Most recent performance
There are currently no scheduled performances of Nabucco. It was last on stage 6–30 June 2016 as part of the Summer 2015/16 season.
Nabucco, King of Babylon, takes Jerusalem in his war with the Israelites – but his daughter Fenena loves the Israelite Ismaele. She releases their prisoners, leading her vengeful half-sister Abigaille to plot to take power. Nabucco declares himself a god and is struck by a bolt of lightning.
Abigaille tricks the now feeble king into signing a death warrant for the Israelites, including Fenena and Ismaele. Nabucco prays to the God of Israel for forgiveness; his sanity is restored and he saves the prisoners from death. He converts himself and his people, while Abigaille commits suicide.
Following the spectacular failure of his second opera, Un giorno di regno, Giuseppe Verdi vowed never to compose another. But he was lured back to the theatre by Bartolomeo Merelli, the impresario of La Scala, Milan, with the commission for Nabucco. The resulting opera was a triumph – first performed in 1842, it was revived the same year with a run of 57 shows. As Verdi wrote: ‘with this opera, it can truly be said that my artistic career began.’
Daniele Abbado’s production is set in the second half of the 20th century and explores the reality of conflict, where friend and enemy may become indistinguishable. An enormous chorus lends weight to epic numbers such as ‘Immenso Jehova’ – the Hebrew Slaves’ triumphant hymn of thanksgiving – and their song of exile, ‘Va, pensiero’, widely considered to be Italy’s unofficial national anthem. There are wonderful bass and baritone roles in the figures of Nabucco, the Babylonian King (based on the biblical King Nebuchadnezzar) and Zaccaria, the Hebrew prophet – while in Abigaille, Verdi created a memorable anti-heroine, at once terrifying and pitiable. Throughout, the score blends rhythmic vitality and powerful drama, and is on a scale to do justice to the opera’s epic themes.
News and features
15 September 2016
From the Queen of the Night to Turandot by way of Norma and Brünnhilde, we round up some of opera’s most devilishly difficult soprano roles.
Watch: ‘Verdi felt the people of his own nation needed a voice’ – Why Nabucco remains politically potent22 June 2016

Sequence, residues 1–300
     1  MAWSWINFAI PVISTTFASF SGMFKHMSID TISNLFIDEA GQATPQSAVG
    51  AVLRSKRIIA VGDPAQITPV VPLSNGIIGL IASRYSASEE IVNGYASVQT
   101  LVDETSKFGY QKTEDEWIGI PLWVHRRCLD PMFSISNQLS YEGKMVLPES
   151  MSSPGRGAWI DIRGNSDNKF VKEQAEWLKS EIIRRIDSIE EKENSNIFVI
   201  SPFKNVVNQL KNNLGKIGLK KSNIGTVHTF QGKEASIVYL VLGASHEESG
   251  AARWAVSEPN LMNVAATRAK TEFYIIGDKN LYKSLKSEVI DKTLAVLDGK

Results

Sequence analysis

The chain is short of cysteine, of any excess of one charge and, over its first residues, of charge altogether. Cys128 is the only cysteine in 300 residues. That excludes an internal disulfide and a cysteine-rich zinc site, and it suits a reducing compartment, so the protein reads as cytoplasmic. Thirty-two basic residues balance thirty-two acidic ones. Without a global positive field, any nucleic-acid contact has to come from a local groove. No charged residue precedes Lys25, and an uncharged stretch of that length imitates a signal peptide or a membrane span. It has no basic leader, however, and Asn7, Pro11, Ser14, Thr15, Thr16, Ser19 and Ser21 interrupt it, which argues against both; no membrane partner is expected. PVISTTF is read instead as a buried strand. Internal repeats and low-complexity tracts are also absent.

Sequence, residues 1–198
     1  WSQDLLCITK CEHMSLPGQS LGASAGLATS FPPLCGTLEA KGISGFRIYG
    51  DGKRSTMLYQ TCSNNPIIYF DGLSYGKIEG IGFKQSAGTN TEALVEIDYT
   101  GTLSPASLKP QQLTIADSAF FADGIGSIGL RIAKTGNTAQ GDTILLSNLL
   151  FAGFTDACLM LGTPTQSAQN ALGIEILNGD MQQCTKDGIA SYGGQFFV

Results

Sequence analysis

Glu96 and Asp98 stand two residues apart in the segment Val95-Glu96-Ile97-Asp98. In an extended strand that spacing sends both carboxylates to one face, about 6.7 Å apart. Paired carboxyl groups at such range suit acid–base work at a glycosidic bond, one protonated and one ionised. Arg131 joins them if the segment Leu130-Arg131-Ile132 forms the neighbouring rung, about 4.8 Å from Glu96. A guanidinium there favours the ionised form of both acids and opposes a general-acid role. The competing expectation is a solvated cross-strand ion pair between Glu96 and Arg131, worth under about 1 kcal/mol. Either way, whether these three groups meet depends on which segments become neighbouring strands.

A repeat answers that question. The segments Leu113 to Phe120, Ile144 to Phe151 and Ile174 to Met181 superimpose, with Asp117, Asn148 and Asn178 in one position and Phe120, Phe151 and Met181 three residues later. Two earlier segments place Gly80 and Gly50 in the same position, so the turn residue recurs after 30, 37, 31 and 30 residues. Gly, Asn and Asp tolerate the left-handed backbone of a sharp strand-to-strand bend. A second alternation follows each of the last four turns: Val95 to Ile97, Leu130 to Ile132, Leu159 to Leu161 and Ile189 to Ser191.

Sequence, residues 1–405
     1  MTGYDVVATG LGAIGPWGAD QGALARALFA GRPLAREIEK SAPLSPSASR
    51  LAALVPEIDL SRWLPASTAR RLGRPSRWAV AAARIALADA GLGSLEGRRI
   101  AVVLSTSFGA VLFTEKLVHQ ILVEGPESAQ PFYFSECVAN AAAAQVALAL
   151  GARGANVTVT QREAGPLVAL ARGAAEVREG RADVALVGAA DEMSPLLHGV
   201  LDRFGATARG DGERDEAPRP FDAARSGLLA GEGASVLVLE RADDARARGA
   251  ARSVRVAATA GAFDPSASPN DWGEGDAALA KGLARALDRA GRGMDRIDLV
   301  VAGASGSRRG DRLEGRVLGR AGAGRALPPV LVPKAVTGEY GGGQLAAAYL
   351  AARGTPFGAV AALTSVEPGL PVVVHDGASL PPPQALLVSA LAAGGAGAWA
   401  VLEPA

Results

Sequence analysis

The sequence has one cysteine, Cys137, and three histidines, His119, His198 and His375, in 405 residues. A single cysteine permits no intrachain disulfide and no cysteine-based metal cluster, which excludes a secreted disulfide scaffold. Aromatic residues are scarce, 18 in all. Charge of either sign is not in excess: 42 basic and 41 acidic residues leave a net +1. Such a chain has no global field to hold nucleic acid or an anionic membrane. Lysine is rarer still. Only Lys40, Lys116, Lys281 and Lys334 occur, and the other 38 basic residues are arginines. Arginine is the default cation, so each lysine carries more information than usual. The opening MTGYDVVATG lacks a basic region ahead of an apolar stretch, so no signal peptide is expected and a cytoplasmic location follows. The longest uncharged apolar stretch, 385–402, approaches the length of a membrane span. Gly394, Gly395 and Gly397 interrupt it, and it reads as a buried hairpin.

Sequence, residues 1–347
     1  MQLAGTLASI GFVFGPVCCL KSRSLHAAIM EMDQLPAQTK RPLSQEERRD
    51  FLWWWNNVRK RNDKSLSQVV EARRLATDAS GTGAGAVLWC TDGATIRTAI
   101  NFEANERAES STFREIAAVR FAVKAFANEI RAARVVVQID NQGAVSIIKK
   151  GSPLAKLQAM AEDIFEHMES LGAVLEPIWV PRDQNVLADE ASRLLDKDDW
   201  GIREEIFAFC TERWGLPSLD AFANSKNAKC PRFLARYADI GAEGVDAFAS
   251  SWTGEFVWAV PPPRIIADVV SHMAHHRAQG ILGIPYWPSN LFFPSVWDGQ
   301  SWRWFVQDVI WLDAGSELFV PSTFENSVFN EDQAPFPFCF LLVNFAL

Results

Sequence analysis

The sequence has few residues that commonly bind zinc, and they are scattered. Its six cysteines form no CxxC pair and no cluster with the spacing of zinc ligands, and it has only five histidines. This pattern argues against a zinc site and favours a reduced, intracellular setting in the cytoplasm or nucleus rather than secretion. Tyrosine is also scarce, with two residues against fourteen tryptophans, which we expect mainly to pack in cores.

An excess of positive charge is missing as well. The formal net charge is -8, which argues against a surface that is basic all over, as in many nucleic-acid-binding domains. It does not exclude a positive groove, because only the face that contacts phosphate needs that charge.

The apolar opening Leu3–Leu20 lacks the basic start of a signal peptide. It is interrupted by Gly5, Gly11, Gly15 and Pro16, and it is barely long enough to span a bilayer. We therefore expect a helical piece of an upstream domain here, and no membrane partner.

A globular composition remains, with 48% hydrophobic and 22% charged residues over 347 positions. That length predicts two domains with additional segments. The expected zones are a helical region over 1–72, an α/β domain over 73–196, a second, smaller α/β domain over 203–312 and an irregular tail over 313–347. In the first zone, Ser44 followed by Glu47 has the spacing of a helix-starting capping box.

Stars of Daniele Abbado’s production discuss why Verdi's Biblical epic was politically potent in his own time, and why it remains relevant today.
9 June 2016
What did you think of Verdi's epic opera starring Plácido Domingo?
9 June 2016
Daniele Abbado’s production starring Plácido Domingo was live-streamed online and relayed to BP Big Screens around the UK.
7 June 2016
What did you think of the return of Daniele Abbado’s powerful production of Verdi’s epic opera?
6 June 2016
Verdi shines the spotlight on the opera’s bad guys in this thrilling, ferocious duet.
Nabucco (Italian pronunciation: [naˈbukko]; short for Nabucodonosor [naˌbukoˈdɔːnozor]~[naˌbukodonoˈzɔr], English Nebuchadnezzar) is an Italian-language opera in four acts composed in 1841 by Giuseppe Verdi to an Italian libretto by Temistocle Solera. The libretto is based on biblical stories from the Book of Jeremiah and the Book of Daniel and the 1836 play by Auguste Anicet-Bourgeois and Francis Cornue, although Antonio Cortese's ballet adaptation of the play (with its necessary simplifications), given at La Scala in 1836, was a more important source for Solera than the play itself. Under its original name of Nabucodonosor, the opera was first performed at La Scala in Milan on 9 March 1842. Nabucco is the opera which is considered to have permanently established Verdi's reputation as a composer. He commented that "this is the opera with which my artistic career really begins. And though I had many difficulties to fight against, it is certain that Nabucco was born under a lucky star". It follows the plight of the Jews as they are assaulted, conquered and subsequently exiled from their homeland by the Babylonian King Nabucco (in English, Nebuchadnezzar II). The historical events are used as background for a romantic and political plot. The best-known number from the opera is the "Chorus of the Hebrew Slaves", Va, pensiero, sull'ali dorate / "Fly, thought, on golden wings", a chorus which is regularly given an encore in many opera houses when performed today.